James O’Keefe came to my door once, though I wasn’t home at the time.
The Conservative provocateur — he prefers the term “guerrilla journalist” — was with a small group of accomplices from Project Veritas, an outfit O’Keefe founded whose raison d’être is to embarrass the mainstream media, left-wing politicians, and progressive organizations by means of undercover stings. Project Veritas is headquartered in a nondescript building on the edge of Mamaroneck’s industrial sector, across from the Metro-North railroad tracks on Hoyt Avenue.
The Veritas formula is simple: Pretend to be someone you’re not; win the confidence of unsuspecting targets; record their verbal blunders with a hidden camera; edit the video for maximum effect; post it online.
When they appeared on my porch in Yonkers, O’Keefe and his gang masqueraded as anti-gun activists, claiming membership to a group called Citizens Against Violence. Each wore a T-shirt emblazoned with a semiautomatic rifle inside a circle with a slash running through it.
This was just after the December 14, 2012 shooting deaths of 20 children and six adults at Sandy Hook Elementary School in Newtown, CT. The killer was a 20-year-old loner with mental-health issues and a messed up family life who fired a Bushmaster XM-15 rifle (which is similar to the AR-15, the semiautomatic weapon of choice in many mass shootings). Immediately after the Sandy Hook tragedy, The Journal News responded with a story on gun ownership that included an interactive map on the newspaper’s website, which, with the click of a mouse, revealed the names and addresses of Westchester County citizens who possessed a handgun permit.
Many people believed that the newspaper had accomplished nothing more than a public shaming of thousands of law-abiding citizens. Lost in the scrum was a legitimate issue: the proliferation of semi-automatic rifles, which can be bought without a permit. The story was ill-conceived and unfocused — and the blowback was on a national scale.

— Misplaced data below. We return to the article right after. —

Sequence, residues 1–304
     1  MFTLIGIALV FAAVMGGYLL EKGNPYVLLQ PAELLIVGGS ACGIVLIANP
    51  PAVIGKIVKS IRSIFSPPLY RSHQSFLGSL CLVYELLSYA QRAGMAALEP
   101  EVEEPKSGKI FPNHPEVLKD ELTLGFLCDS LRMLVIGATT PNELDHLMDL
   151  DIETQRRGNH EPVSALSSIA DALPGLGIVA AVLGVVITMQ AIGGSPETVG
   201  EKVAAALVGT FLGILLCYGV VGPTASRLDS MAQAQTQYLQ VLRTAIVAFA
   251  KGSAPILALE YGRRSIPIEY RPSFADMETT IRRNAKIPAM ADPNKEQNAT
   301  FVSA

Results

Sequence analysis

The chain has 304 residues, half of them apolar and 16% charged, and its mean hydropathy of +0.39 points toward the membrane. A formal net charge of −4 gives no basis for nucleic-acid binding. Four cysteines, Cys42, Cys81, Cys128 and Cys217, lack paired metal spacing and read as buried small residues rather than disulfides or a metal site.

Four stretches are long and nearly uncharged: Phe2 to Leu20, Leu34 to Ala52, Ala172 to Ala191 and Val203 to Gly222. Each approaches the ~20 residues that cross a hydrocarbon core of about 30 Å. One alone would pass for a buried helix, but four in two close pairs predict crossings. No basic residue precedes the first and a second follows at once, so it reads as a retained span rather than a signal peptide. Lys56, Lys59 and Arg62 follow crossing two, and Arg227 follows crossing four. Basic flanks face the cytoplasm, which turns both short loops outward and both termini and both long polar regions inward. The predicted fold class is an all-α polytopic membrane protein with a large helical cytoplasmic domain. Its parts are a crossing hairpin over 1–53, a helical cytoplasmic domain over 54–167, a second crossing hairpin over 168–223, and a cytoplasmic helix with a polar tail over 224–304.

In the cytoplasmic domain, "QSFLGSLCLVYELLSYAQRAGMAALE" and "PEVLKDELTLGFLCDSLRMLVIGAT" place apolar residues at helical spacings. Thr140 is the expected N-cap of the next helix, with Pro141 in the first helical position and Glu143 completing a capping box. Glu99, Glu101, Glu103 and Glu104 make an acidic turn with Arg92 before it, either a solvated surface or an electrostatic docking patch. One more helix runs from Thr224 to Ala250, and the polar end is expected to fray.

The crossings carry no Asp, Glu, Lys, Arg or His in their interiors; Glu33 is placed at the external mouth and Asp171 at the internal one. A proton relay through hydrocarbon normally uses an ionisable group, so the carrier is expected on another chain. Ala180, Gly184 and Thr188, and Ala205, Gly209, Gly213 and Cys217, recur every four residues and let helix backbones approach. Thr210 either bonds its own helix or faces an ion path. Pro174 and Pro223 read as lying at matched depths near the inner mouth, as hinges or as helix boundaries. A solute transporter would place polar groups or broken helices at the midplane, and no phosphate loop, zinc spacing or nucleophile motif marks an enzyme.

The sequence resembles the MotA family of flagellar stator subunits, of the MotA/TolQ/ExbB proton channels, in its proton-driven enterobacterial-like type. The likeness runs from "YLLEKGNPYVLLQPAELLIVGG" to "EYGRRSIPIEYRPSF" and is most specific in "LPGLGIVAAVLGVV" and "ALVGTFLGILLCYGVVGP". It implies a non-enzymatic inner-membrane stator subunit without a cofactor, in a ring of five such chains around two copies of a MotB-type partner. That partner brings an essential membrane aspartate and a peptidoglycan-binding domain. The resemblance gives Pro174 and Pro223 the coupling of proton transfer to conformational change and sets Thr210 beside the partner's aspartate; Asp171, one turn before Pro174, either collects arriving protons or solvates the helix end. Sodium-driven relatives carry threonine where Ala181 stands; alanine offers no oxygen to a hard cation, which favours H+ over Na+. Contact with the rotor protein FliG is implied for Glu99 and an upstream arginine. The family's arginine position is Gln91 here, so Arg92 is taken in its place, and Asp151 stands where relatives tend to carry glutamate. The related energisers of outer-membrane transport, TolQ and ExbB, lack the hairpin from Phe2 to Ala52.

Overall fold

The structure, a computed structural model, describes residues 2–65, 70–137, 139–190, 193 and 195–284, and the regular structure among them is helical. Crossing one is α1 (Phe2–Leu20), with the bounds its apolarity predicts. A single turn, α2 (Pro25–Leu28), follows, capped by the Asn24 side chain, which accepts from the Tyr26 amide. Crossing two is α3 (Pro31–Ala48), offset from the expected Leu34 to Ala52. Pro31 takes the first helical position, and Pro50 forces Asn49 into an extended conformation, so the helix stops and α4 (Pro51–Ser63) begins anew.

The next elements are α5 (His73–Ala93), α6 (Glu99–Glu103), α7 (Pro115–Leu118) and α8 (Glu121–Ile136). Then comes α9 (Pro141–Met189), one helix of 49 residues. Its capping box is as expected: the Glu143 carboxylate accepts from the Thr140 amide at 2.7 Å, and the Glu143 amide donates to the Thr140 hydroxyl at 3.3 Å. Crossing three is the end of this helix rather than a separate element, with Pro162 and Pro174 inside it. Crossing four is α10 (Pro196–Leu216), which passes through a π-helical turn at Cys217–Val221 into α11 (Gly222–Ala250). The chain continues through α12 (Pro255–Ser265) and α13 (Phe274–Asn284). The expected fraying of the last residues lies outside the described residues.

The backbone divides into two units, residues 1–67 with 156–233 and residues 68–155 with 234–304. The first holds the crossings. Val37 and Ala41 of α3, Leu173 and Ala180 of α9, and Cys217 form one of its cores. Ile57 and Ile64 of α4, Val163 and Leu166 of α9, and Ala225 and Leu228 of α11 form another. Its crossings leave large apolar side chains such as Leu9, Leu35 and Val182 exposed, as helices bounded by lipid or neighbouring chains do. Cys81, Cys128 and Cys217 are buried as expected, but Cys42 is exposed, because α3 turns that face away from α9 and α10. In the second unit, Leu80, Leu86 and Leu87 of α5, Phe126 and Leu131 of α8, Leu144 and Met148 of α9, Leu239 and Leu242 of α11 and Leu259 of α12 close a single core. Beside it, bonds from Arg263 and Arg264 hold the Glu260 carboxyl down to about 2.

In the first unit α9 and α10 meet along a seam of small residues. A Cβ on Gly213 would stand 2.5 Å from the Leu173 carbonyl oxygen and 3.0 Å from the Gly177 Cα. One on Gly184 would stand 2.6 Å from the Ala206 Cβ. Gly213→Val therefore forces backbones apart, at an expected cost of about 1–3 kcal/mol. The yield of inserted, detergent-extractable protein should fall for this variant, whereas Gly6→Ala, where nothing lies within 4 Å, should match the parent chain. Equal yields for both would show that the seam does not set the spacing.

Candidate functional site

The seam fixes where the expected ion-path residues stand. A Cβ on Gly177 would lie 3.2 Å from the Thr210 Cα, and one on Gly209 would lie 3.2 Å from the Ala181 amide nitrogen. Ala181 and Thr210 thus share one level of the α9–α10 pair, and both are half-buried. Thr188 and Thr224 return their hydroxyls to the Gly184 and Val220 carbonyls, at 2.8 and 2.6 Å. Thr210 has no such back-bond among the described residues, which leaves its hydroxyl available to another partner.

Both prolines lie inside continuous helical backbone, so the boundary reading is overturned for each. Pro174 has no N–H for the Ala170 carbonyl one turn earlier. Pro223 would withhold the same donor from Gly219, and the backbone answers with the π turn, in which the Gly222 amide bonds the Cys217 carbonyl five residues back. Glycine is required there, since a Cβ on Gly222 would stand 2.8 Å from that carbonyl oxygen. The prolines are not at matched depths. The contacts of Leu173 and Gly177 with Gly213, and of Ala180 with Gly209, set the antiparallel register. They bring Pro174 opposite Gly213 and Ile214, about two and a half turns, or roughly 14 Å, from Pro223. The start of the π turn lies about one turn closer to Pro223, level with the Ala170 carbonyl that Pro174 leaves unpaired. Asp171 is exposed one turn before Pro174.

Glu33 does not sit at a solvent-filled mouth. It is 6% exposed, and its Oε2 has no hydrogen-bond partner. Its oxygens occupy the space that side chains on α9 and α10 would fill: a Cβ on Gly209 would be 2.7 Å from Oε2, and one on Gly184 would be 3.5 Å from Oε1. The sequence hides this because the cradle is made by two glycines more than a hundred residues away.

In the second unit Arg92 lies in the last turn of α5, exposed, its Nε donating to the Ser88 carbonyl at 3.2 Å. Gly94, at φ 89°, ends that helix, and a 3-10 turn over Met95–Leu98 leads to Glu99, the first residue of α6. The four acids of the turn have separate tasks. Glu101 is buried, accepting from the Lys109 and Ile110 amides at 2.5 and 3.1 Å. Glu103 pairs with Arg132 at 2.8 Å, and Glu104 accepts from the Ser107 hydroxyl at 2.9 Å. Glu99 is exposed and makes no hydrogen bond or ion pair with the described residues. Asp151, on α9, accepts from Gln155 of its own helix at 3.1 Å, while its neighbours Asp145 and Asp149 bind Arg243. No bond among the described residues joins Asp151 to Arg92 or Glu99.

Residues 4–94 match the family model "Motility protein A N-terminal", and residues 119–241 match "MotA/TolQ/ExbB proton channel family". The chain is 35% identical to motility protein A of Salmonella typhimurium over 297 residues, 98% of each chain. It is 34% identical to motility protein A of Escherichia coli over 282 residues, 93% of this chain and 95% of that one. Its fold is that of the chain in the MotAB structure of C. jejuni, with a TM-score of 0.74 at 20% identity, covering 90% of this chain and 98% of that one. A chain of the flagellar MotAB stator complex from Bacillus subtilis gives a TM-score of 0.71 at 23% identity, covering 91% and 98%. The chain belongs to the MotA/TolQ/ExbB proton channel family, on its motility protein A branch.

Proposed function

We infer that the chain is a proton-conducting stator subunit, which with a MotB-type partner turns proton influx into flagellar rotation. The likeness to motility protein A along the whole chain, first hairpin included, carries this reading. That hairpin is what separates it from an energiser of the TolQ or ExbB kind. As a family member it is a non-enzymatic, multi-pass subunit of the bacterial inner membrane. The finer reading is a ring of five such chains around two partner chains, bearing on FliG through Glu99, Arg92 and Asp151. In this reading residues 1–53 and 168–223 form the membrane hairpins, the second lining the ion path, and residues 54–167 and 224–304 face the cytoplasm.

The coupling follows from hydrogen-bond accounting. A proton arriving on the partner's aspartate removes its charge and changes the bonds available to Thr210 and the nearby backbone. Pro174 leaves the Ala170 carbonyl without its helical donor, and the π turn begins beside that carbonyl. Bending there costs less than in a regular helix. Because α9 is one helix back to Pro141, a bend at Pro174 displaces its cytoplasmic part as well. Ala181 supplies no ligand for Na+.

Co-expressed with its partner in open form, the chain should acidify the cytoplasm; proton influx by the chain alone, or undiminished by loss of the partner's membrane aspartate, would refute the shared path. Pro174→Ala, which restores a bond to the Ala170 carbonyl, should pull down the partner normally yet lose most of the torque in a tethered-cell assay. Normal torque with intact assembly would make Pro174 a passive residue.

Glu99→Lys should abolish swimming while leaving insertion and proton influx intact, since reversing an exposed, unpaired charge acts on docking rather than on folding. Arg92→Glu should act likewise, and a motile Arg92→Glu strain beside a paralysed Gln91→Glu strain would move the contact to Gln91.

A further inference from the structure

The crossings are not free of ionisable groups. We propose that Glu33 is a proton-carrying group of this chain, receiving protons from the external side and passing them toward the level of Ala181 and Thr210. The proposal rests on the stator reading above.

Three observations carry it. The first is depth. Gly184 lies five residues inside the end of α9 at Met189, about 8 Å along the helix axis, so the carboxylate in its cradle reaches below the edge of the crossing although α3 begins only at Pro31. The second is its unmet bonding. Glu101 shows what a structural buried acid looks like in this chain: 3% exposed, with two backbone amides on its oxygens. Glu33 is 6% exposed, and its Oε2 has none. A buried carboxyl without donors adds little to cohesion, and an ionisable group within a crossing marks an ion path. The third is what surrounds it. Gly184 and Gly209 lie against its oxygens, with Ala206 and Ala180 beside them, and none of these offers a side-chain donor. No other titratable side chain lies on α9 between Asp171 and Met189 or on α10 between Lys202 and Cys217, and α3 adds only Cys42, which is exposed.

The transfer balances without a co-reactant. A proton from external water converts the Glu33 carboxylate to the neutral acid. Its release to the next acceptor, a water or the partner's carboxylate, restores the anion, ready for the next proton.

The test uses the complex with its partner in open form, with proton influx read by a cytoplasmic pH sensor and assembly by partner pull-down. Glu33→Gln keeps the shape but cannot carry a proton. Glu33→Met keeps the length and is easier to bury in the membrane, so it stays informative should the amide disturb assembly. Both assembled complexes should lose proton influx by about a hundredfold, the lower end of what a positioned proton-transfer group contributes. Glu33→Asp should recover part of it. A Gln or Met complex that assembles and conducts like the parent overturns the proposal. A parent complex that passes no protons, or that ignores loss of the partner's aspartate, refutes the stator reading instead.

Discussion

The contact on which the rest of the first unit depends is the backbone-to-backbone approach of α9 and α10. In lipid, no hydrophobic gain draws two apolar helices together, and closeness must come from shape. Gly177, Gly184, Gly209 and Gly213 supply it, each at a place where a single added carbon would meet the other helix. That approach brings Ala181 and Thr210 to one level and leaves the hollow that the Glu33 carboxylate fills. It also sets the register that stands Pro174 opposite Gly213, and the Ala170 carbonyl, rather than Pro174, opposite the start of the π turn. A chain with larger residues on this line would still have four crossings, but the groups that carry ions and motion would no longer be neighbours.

The ridicule was intense. Subscriptions were cancelled. Advertisers bailed. At all hours of the day and night, crank calls from across the country came to Journal News employees — many of whom had nothing to do with the gun map or even knew of its existence.
A connoisseur of low-hanging fruit and, like all culture warriors, a committed practitioner of confirmation bias, O’Keefe piled on. His plan was to go to the homes of several Journal News editors and reporters (I was a columnist for the paper in those days) to get them to accept a yard sign declaring that they lived in a gun-free residence.
Polite to the point of obsequiousness, the pranksters ultimately failed to get anyone to take one of their signs. In fact, most of the people who answered the doorbell were easy marks — unsuspecting spouses, parents, and children of the newspaper employees. But that didn’t stop O’Keefe, who, in the snarky tradition of Candid Camera and Michael Moore, kept his low-rent camera rolling — and then posted the amateurish result on YouTube.
I’m not sure what O’Keefe was trying to prove.
Incidentally, I was in New York City when Project Veritas came to my house. This was probably to their good fortune, as well as mine, since I might have been tempted to set my psycho dog on them. My younger son answered the door and correctly stated that he didn’t think his father would want one of their signs, no matter his feelings, one way or the other, on guns.
O’Keefe, 33, says he is on a mission to expose the truth, hence the Latin handle Veritas, derived from the Roman goddess of truth, who was said to be so elusive, she hid in a well. He says his efforts to uncover the truth are a service to the “masses” — a word he frequently uses. Last December, a vandal scrawled the words “Fake News HQ” on the wall of his Mamaroneck outpost.
I tried to interview O’Keefe on my WVOX radio show. It did not go well. He was trying to plug his recently published book, and he said I was too negative, so he cut me off. About a week later, Nikolas Cruz murdered 17 students at Marjory Stoneman Douglas High School in Parkland, FL.
So here we stand, once again, at the mythical well, waiting for the next revelatory, righteous moment of truth. I’d love to know what “truth” Project Veritas has planned for the masses this time.
The opinions and beliefs expressed by Phil Reisman are his alone and do not necessarily reflect those of Westchester Magazine’s editors and publishers. Tell us what you think: email email@example.com